ITC Releases Airports Report

The ITC has released a major new report on aviation strategy in the UK, entitled ‘Flying into the Future: Key issues for assessing Britain’s Aviation infrastructure needs’. The research, drawing from responses to the ITC’s recent Call for Evidence, will be submitted to the Airports Commission led by Sir Howard Davies

ITC Releases Airports Report

ITC Aviation Report

The Independent Transport Commission (ITC) has released its new report, Flying into the Future: Key issues for assessing Britain’s aviation infrastructure needs. The report is based on the wide range of submissions received by the ITC in response to its Call for Evidence during Autumn 2012.

Copies of the full report can be dowloaded by clicking this link.

The key findings are as follows:

  • First, the report identifies the
    crucial importance of good aviation
    connectivity for the UK economy and
    The report concludes that
    investing in our aviation
    infrastructure is a critical
    challenge that must be met if the UK
    is to maintain investment from
    growing economies such as China and
    India. We face capacity constraints
    in both long-haul and short-haul
    travel, particularly in South-East
  • Second, the report notes
    that short-haul connectivity can be
    improved by developing our regional
    , close to local and regional
    catchment areas.
  • But third, improving
    long-haul connectivity – and even
    maintaining the UK’s position in the
    face of growing competition from
    rival European airports – means
    ensuring that the UK continues to
    host a top-tier European hub airport.

    This means an airport with
    significantly more capacity than
    Heathrow today. The report rejects
    alternative suggestions such as 2
    small hubs, or connecting different
    airports as a “virtual hub”: they
    would not compete effectively and
    would leave the UK increasingly
    dependent on connections via
    3rd-country hubs in order to reach
    global destinations.

The report suggests the most likely sites for an improved hub are Heathrow, Stansted or the Thames Estuary. It recognises that any decision will be contentious and that the Airports Commission and the Government will need to balance many factors. But it highlights 4 major issues:

Closing Heathrow: the ITC concludes that if a major new hub is developed at Stansted or in the Thames Estuary, there is a high likelihood that Heathrow will need to close. This will have major implications, and needs far more attention than it has yet received.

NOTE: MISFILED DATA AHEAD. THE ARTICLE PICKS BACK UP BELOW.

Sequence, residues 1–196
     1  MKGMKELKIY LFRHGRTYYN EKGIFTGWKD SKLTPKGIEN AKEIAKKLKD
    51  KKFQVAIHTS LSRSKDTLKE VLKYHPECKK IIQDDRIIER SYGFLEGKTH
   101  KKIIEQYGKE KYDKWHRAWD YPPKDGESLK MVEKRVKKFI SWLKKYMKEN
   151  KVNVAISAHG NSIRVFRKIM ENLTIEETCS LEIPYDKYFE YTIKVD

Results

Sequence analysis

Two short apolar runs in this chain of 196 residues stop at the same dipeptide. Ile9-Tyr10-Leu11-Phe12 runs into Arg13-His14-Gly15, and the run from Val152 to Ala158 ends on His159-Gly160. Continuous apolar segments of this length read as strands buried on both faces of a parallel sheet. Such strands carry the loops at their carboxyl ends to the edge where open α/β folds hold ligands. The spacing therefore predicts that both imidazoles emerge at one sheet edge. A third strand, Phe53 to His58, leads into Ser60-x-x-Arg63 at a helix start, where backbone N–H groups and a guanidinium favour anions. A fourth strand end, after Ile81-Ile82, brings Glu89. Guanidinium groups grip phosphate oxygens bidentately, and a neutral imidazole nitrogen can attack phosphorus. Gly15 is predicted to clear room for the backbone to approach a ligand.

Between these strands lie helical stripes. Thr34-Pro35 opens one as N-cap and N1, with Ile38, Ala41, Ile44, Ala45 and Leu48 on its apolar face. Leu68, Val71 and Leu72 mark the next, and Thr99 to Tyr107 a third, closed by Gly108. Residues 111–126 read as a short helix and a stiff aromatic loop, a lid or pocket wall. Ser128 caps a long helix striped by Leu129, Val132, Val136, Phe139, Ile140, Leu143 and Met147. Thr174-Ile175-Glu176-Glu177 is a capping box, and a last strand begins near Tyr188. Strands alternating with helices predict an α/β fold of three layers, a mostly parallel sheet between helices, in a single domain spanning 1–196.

Costs and charges: on the basis of preliminary, broad-brush, estimates, the ITC fears that airlines and passengers might face charges at a new Estuary Airport more than twice those for an expanded Heathrow, and two-thirds more than at an expanded Stansted. It is essential that far more robust costings are produced for all options and the implications for charges and international competitiveness clearly understood.

A new town? Building a major new hub, whether at Stansted or elsewhere, could require urban development including homes, schools, and local transport. The ITC estimates the size of such development would be on the scale of a new Peterborough for a 4-runway hub. This needs to be considered as much as the airport itself.

Noise is the biggest local issue, particularly for Heathrow. But the report notes that planes are getting quieter and proposes an assessment of whether a package of measures – perhaps including moving the runways westward – would enable Heathrow to provide the extra connectivity needed while also reducing the problem of noise for Londoners.

The report is being submitted to the Airports Commission, chaired by Sir Howard Davies. The ITC will consider what further research should be commissioned to follow up particular issues of importance, with a view to assisting policy makers on this vital economic and infrastructure decision.

NB:The ITC expresses its thanks to all those who contributed towards the Call for Evidence and provided guidance on the report.